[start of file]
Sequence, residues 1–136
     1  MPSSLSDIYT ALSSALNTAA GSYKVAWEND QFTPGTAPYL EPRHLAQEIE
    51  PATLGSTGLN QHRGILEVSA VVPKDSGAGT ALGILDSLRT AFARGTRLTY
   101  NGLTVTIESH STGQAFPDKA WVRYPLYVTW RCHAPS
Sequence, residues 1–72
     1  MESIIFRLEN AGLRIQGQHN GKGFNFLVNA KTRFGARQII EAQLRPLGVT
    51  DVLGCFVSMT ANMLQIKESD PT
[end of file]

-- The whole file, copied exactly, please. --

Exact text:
Sequence, residues 1–136
     1  MPSSLSDIYT ALSSALNTAA GSYKVAWEND QFTPGTAPYL EPRHLAQEIE
    51  PATLGSTGLN QHRGILEVSA VVPKDSGAGT ALGILDSLRT AFARGTRLTY
   101  NGLTVTIESH STGQAFPDKA WVRYPLYVTW RCHAPS
Sequence, residues 1–72
     1  MESIIFRLEN AGLRIQGQHN GKGFNFLVNA KTRFGARQII EAQLRPLGVT
    51  DVLGCFVSMT ANMLQIKESD PT